The structure of the article is as follows. In the next section, we introduce the anti-mercenary norm and discuss its relevance to contemporary PMSCs. In the third section, we analyze the violations of the anti-mercenary norm by the UN. In the fourth and fifth sections, we explore the official UN justifications and condemnations of these violations, respectively. In the sixth section, we discuss our key findings and their implications. In the last section, we conclude that the anti-mercenary norm is no longer puritanical when it comes to the UN's use of PM SCs. Beyond departing from key elements of the anti-mercenary norm, the official and widespread use of PMSCs by the UN undermines its long-established identity as a key anti-mercenary norm entrepreneur and also its ontological security.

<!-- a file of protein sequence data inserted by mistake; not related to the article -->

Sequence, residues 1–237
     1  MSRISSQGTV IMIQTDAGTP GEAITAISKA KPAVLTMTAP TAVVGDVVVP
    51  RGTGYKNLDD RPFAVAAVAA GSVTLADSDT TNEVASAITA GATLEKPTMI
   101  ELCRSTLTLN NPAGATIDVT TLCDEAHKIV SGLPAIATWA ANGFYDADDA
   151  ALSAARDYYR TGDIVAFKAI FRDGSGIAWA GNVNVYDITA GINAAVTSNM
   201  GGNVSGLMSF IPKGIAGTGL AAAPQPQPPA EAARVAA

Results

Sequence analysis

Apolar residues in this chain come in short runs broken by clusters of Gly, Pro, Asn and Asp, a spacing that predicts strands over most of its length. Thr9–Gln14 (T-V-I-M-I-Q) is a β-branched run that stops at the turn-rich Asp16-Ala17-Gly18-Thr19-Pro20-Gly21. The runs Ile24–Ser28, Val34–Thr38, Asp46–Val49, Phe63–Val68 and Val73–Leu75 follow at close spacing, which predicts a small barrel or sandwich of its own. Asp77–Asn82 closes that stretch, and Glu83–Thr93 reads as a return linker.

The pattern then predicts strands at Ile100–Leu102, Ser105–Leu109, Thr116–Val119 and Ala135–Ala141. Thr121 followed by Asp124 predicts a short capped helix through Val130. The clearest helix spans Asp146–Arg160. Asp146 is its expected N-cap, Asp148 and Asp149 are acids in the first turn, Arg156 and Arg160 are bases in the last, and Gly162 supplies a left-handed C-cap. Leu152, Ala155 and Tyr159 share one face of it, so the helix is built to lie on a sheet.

2 The Anti-Mercenary Norm